US spending bill: what's in the $1.5tn bipartisan package?

Congress gives final approval to $13.6bn in aid to Ukraine

Senate Majority Leader Chuck Schumer speaks during a news briefing at the US Capitol. AFP
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The US Senate on Thursday night gave final approval to Ukrainian aid and a spending package that will fund the federal government through September.

Despite partisan fighting over inflation and pandemic relief, they rallied behind sending aid to Ukraine as the country continues to ward off unprovoked Russian aggression.

The $1.5 trillion bill received bipartisan approval in the upper chamber after the House of Representatives easily passed it on Wednesday.

“The bipartisan funding bill proves once more that members of both parties can come together to deliver results for the American people,” White House Press Secretary Jen Psaki said.

Here is a look at the $1.5tn package heading to President Joe Biden's desk.

Aid to Ukraine

Congress approved $13.6 billion in aid to Ukraine, which has stubbornly resisted the Russian invasion since the war began.

The money will help provide weapons and other equipment to Kyiv, as well as funds to provide humanitarian assistance to citizens.

By comparison, Russia, whose forces have been bombarding Ukraine for two weeks, had a military budget of $62 million in 2020, the World Bank reported.

“The Ukrainian people are fighting for their lives and fighting for the survival of their young democracy,” Senate Majority Leader Chuck Schumer said.

“Congress has a moral obligation to stand behind them as they resist the evils of Vladimir Putin and his campaign of carnage.”

House Speaker Nancy Pelosi on Wednesday indicated that the $13.6bn in Ukrainian aid is just the beginning, though a timetable on more funding is unclear.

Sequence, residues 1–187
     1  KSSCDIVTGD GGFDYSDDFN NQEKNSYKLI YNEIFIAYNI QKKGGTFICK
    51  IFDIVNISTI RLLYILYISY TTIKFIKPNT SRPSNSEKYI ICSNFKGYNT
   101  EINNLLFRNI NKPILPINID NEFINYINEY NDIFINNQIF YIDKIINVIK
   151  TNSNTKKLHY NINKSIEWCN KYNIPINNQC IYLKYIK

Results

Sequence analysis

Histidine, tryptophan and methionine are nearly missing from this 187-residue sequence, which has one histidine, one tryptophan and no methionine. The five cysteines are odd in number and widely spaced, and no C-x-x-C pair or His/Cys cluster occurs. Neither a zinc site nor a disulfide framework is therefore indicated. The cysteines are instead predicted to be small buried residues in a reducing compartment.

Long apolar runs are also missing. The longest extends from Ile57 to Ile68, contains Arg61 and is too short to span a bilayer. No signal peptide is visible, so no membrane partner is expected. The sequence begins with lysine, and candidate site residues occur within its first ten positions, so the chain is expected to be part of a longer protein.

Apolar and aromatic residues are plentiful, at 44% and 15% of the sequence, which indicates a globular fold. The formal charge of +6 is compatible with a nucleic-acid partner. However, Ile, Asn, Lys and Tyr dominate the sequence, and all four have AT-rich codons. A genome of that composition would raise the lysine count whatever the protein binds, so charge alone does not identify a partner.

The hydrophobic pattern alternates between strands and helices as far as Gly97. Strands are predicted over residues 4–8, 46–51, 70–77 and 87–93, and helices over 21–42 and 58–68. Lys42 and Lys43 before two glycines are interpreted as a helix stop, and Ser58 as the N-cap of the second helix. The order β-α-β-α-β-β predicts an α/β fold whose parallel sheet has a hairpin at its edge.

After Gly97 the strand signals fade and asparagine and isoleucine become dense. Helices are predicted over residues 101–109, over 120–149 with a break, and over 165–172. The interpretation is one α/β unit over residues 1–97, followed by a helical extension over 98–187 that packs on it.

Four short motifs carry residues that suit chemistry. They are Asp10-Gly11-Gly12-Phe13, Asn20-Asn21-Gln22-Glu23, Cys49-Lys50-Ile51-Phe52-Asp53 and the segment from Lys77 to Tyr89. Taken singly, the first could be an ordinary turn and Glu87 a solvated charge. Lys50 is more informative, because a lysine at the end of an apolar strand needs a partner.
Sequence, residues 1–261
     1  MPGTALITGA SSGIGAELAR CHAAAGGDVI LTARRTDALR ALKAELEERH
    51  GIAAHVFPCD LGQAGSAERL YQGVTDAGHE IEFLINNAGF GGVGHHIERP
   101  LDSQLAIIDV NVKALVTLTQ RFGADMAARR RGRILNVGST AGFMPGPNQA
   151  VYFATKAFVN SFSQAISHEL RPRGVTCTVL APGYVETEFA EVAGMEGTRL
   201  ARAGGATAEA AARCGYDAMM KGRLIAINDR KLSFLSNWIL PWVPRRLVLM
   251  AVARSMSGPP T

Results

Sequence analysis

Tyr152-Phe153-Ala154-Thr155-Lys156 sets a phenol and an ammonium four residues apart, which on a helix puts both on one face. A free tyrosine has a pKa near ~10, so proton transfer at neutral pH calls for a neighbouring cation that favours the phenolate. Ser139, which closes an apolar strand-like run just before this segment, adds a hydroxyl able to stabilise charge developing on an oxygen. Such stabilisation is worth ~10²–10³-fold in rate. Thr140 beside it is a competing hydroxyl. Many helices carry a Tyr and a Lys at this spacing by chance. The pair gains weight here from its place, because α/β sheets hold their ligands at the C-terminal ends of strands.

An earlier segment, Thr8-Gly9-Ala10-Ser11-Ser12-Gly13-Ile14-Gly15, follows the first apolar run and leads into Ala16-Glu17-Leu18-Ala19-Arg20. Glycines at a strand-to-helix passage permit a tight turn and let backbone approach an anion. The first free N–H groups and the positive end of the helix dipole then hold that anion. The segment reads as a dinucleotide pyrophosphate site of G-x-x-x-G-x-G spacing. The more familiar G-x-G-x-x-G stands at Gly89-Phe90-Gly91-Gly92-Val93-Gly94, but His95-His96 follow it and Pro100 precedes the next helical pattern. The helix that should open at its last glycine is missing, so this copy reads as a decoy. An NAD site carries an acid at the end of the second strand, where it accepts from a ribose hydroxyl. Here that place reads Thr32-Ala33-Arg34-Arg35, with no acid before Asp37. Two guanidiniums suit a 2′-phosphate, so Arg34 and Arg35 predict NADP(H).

Defence funding

The US boosted its defence funding for 2022, providing $728.5bn in discretionary funding, up from $32.5bn the previous year.

In addition to the Ukrainian aid, the bill will provide assistance to Nato allies in an effort to deter Russian aggression.

The $728.5bn will also go towards investment in research in development, address gender-based violence in the military and confront the climate crisis by providing $120m for climate infrastructure programmes, a summary of the bill showed.

Election security

The bipartisan package, which Mr Biden is expected to sign on Friday, will provide $75m to help states buttress the security and integrity of federal elections.

The Election Assistance Commission will also receive $20m for operating expenses.

A push for voting rights has been at the top of the Democrats' agenda since the party took control of both chambers of Congress in 2020.

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Funding for the Cybersecurity and Infrastructure Security Agency comes in at $568.7m ($2.6bn total).

The funding will go towards preventing cyber attacks, protecting communications systems and mitigating cyber intrusions.

Plans for Covid-19 relief scrapped

Democrats in the House scrapped a plan to include $15.6bn for the US Covid-19 response at the last minute on Wednesday night.

Republicans opposed funds going towards Covid relief, arguing that the money already allocated from the American Rescue Plan should be fully accounted for before providing more relief.

Rank-and-file Democrats rebelled against how those funds would be offset.

The $15.6bn Democrats wanted would have helped the US to obtain vaccines in preparation for future variants.

Democrats hope to revisit Covid aid next week, though they are likely to face Republican resistance.

The Associated Press contributed to this report

Updated: March 11, 2022, 4:12 PM